Three city councilors say they city should use some of the money the city's getting from the feds to help out the owners of taxi medallions, whom they say have been decimated by unfair competition from Uber and Lyft.
Councilors Kendra Lara (Jamaica Plain, West Roxbury), Frank Baker (Dorchester) and Michael Flaherty (at large) say taxi medallion owners are just the sort of small businesses federal ARPA money is meant to help - already hard hit by ride-share companies, they suffered even more with the pandemic. Not only have cab drivers lost business directly, the value of their medallions has plummeted.
Lara said "big tech's overreach" has hit families who had counted on their taxi medallions to support their families. Although the city does have some large medallion owners, she said that half the city's current 1,800 or so medallions have owners with four or fewer medallions.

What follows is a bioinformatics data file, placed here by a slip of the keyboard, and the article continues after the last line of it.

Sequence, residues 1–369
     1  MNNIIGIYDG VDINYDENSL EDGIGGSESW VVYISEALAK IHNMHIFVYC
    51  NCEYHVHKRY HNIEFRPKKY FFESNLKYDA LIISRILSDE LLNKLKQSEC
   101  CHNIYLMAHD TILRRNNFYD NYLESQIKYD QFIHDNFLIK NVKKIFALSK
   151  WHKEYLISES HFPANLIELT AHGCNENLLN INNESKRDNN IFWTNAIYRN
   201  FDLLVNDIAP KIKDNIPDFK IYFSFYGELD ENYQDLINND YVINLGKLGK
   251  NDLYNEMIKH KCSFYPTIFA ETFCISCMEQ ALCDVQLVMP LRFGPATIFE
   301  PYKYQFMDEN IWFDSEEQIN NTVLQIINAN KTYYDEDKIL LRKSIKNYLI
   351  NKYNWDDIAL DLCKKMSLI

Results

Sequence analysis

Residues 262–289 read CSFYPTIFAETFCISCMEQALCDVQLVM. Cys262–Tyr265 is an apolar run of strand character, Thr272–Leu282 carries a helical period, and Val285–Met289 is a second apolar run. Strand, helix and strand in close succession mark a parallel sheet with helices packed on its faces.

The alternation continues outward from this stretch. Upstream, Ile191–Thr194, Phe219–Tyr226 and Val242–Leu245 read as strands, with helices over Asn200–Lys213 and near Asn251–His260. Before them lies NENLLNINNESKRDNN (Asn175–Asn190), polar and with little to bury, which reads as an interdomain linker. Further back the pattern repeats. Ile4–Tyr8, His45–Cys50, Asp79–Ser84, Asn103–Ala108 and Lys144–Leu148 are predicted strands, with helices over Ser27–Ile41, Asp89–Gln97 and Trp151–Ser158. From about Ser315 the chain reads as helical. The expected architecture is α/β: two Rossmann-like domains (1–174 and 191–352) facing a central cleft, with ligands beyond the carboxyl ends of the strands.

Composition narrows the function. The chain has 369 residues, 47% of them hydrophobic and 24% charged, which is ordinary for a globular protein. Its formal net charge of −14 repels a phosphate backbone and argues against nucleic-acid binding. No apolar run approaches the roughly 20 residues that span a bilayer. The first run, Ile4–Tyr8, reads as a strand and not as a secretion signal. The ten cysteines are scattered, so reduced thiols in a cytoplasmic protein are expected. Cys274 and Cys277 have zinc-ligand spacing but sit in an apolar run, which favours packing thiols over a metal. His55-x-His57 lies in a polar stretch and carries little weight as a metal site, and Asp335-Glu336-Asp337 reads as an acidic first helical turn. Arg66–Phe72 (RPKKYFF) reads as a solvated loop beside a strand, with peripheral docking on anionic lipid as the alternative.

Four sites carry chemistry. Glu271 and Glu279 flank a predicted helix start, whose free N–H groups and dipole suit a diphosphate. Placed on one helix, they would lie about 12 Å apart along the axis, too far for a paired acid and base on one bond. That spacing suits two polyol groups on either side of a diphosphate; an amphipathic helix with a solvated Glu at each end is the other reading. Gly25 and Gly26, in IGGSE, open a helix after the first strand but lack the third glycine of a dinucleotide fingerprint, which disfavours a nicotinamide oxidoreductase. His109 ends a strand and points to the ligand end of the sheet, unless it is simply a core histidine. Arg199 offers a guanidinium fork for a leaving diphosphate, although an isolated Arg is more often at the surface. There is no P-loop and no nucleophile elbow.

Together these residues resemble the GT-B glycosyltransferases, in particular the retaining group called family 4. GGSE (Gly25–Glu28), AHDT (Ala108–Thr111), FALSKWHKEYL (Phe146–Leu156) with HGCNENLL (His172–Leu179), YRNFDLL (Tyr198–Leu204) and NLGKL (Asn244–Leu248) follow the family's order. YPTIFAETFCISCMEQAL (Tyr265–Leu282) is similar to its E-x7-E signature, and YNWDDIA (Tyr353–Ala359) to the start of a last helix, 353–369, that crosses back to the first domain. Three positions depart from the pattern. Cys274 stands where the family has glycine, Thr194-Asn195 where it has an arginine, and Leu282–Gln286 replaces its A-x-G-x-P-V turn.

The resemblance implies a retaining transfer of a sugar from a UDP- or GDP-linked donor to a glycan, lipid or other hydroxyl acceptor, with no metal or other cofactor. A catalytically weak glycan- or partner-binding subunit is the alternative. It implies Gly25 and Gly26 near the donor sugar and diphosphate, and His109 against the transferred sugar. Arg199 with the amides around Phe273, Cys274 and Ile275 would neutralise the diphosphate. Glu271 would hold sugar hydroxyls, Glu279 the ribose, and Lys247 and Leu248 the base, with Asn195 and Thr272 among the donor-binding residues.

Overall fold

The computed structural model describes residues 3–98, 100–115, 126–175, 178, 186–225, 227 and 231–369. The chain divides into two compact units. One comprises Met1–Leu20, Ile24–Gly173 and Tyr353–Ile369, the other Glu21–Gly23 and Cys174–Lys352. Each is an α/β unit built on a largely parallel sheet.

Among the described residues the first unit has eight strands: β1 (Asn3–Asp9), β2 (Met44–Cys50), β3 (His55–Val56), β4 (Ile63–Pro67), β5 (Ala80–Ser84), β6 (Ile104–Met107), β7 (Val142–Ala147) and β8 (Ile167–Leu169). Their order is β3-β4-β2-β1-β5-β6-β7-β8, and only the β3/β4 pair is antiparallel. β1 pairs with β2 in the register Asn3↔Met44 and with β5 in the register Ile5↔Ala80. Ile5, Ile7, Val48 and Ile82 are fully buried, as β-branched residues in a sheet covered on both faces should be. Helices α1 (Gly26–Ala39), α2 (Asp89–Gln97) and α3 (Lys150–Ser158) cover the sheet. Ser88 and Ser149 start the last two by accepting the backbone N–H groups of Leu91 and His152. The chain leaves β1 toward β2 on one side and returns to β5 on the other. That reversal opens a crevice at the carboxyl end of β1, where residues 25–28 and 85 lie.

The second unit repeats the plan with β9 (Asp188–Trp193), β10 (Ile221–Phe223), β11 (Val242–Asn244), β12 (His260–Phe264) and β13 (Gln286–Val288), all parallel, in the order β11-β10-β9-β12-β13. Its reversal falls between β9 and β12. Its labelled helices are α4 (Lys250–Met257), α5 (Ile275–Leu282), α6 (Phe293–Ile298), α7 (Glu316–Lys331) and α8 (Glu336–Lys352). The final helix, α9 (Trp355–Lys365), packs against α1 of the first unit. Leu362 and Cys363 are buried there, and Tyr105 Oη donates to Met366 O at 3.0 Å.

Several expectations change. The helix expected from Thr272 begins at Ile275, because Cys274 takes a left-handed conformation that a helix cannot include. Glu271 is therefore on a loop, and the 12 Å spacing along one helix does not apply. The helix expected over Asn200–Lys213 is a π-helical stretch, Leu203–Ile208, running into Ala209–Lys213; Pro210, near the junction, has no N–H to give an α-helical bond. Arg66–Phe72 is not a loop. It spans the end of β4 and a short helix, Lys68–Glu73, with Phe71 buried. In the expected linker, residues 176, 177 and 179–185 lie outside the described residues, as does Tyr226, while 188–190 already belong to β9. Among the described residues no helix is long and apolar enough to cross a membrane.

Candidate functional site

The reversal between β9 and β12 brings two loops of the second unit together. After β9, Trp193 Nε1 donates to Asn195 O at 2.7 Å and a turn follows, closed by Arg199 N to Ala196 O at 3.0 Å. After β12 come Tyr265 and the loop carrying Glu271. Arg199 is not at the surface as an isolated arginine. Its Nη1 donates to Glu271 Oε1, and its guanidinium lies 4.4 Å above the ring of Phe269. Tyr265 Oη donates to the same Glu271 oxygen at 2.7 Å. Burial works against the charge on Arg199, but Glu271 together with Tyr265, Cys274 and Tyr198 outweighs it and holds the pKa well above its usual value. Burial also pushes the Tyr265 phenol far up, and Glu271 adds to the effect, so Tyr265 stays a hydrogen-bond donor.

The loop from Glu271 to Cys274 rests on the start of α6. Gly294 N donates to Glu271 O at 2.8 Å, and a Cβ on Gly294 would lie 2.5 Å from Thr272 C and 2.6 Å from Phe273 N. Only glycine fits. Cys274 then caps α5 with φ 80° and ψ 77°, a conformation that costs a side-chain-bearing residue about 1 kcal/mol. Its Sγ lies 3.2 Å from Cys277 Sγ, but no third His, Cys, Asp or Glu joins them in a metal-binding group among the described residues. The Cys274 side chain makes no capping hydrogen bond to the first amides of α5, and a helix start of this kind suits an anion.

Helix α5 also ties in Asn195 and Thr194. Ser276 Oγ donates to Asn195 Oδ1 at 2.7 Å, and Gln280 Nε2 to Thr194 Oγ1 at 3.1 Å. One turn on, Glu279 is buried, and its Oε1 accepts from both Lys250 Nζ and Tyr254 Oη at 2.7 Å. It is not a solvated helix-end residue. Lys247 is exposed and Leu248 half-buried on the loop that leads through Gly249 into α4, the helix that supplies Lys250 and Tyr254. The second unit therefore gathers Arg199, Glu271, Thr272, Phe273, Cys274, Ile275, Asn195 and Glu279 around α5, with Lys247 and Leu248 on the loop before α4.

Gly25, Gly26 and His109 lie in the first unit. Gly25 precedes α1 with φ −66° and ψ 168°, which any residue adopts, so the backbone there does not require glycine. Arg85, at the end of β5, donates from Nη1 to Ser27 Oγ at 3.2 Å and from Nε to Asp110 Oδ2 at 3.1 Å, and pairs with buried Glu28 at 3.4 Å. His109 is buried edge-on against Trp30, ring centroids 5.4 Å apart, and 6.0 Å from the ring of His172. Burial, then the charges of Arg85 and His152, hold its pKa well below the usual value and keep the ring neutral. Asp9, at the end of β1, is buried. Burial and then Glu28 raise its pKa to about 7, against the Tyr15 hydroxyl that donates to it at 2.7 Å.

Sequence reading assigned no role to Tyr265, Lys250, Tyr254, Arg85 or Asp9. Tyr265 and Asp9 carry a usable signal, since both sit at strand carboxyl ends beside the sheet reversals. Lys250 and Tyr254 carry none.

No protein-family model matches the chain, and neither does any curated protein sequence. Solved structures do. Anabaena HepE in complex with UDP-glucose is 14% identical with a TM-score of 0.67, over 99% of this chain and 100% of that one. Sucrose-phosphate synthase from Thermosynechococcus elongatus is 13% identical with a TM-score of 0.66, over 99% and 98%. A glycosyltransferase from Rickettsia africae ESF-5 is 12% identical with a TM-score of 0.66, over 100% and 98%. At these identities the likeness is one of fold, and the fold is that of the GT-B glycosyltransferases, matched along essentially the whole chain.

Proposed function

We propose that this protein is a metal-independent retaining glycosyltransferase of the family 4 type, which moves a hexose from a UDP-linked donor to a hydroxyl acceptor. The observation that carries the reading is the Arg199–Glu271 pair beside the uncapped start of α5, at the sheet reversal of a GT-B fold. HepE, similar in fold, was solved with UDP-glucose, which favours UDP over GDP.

A buy-back program would help these families "get out of the red and into the black," she said.
The councilors did not set a price tag on their proposed buyback. The proposal now goes to a council committee for study and a hearing.
Baker said Uber and Lyft did the classic monopoly thing of driving out the competition and then, once they're doing, start raising all their prices.
Flaherty said he hopes the measure could leave to the rebirth of the local taxi business. Flaherty, whose grandfather and father drove cabs, said there's no reason that Boston with its own airport and numerous hotels, can't have a flourishing, locally owned cab industry.
Flaherty added that he hopes that, in addition to any payments to local medallion owners, the council would look at reforming the BPD hackney division, which currently regulates cab drivers - but not Uber and Lyft drivers, who are covered under state law - and which he said has "onerous requirements."